ANNAPOLIS, Maryland (CNN) -- Narrowing down 20 or so names on a list of potential Republican vice presidential candidates will take weeks, if not months, Sen. John McCain told reporters Wednesday.
Sen. John McCain brings his biographical tour to the U.S. Naval Academy in Annapolis, Maryland, on Wednesday.
"It's the same process that has been used by Democrats and Republicans," the presumptive GOP presidential nominee said on his campaign bus.
"It's not an unusual thing. You put the list together, and then you just could do a cursory kind of a look that I guess you could do on Google."
McCain did not discuss who is on the list. See who McCain may be considering »
The Arizona Republican said he would like to have his running mate picked by the national convention in September.
"I'd love to do it earlier in the run than later, but it depends on the process," he said. "We just really haven't gotten far enough along in the whole thing to really be able to even predict what we're doing, seriously." Watch McCain on the selection process »
McCain said he wanted to avoid mistakes that other presidential nominees have made when picking a running mate in a rushed process.
McCain pointed to what happened in 1988 with Dan Quayle, saying the former vice president "had not been briefed and prepared for some of the questions."
"I'm a great friend of Dan Quayle's, and I think he was a fine senator . . . . I just think you have to have a measured process, [and] make sure that you have taken . . . all the factors into consideration and then decide," he said.
McCain on Wednesday also rejected an assessment by a prominent Christian conservative leader that he has failed to unite the Republican Party. Watch McCain call the party 'largely unified' »
In a statement in Wednesday's The Wall Street Journal, James Dobson, founder of Focus on the Family, wrote he had seen no evidence that McCain "is successfully unifying the Republican Party or drawing conservatives into his fold."
"To the contrary, he seems intent on driving them away," Dobson added.
In an interview with CNN, McCain said he respected Dobson's views but disagreed, citing the endorsements of his former rivals and polling data to show that the party is rallying behind him.
"I'm very pleased at the polling data that shows that our party is very unified," McCain said. "More Republicans say they'll vote for me than Democrats say that they will vote for either Sen. Obama or Sen. Clinton.
"My job now is to try to energize our party so that we get the kind of energy associated with this campaign, which I think we can do in the coming months."
McCain said he has never spoken with Dobson but would be willing to do so.
In his statement, Dobson said McCain had not reached out to "pro-family leaders" or changed his views on positions that "trouble" social conservatives, pointing to the candidate's support for embryonic stem cell research and stance to allow states to set their own definitions of marriage.
The latter is an apparent reference to McCain's opposition to a constitutional amendment defining marriage as between a man and woman.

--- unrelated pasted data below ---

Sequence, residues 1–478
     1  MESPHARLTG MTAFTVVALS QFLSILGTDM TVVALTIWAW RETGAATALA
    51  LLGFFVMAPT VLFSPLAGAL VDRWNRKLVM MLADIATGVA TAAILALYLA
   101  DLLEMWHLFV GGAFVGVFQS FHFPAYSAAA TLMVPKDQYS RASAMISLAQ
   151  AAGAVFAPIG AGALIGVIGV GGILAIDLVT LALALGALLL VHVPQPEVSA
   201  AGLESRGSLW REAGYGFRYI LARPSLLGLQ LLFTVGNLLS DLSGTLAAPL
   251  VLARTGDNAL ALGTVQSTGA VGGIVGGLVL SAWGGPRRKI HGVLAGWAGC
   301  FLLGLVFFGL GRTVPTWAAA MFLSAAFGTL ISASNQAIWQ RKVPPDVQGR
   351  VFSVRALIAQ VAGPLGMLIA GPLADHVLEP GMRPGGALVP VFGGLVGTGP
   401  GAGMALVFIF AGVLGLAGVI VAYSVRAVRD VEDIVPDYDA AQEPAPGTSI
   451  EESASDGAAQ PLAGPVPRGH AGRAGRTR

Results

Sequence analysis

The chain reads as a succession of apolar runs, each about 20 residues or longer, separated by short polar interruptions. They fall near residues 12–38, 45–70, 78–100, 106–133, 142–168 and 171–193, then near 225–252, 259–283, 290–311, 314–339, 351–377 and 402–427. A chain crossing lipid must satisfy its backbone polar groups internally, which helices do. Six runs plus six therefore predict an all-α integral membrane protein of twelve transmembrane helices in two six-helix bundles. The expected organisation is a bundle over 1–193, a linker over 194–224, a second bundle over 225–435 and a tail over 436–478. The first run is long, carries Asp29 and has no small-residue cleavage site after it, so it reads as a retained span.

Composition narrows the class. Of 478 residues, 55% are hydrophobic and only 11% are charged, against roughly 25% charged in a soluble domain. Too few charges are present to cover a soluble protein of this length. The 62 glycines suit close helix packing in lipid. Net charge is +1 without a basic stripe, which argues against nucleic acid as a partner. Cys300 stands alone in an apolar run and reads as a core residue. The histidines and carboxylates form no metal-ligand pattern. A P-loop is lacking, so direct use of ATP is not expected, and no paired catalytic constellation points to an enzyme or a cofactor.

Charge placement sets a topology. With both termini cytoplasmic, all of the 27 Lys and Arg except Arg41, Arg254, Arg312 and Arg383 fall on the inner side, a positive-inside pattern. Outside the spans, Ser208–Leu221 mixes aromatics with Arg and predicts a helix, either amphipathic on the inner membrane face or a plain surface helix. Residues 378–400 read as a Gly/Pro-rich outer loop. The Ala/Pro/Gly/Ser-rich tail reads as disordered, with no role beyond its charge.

McCain does believe marriage should be defined as being between a man and woman, his campaign told CNN, but the candidate objected to the Federal Marriage Amendment because he thinks it's a matter for the states to resolve.
In his statement to The Wall Street Journal, Dobson also faulted the senator for his foreign policy speech last week in which he called for more collaboration with allies, closure of the military prison at Guantanamo Bay, Cuba, and a new global warming treaty.
"These policies frustrated conservatives, whom McCain seems to have written off," Dobson wrote.
Dobson's statement to the paper comes as McCain continues his "Service to America " tour, a series of stops to locations that played a significant role in his life. Watch analysts debate whether McCain should go on tour »
On Wednesday, McCain spoke at the U.S. Naval Academy in Annapolis, Maryland, where he graduated in 1958, following in the footsteps of his father and grandfather.
Later Wednesday, he traveled to Pensacola, Florida, where he trained to be a fighter pilot. McCain went on to fight in the Vietnam War and was held as a prisoner of war after his plane was shot down.
McCain joked about his "misspent youth" and said a "nagging conscience" required an "honest appraisal of my record and character" at the Naval Academy.
"In truth, my four years at the Naval Academy were not notable for exemplary virtue or academic achievement but rather for the impressive catalog of demerits I managed to accumulate," McCain said.
"By my reckoning, at the end of my second class year, I had marched enough extra duty to take me to Baltimore and back 17 times -- which, if not a record, certainly ranks somewhere very near the top."
But McCain said he learned the lessons of discipline that served him later in life while at Annapolis.
"When I left the academy, I was not even aware I had learned that lesson. In a later crisis, I would suffer a genuine attack on my dignity, an attack, unlike the affronts I had exaggerated as a boy, that left me desperate and uncertain," McCain said in an apparent reference to his time as a POW. Watch as McCain praises public service »
"It was then I would recall, awakened by the example of men who shared my circumstances, the lesson that the academy in its venerable and enduring way had labored to impress upon me. It changed my life forever. I had found my cause: citizenship in the greatest nation on Earth," he said. Watch McCain talk about the greatest lesson he learned » E-mail to a friend
CNN's Dana Bash contributed to this report.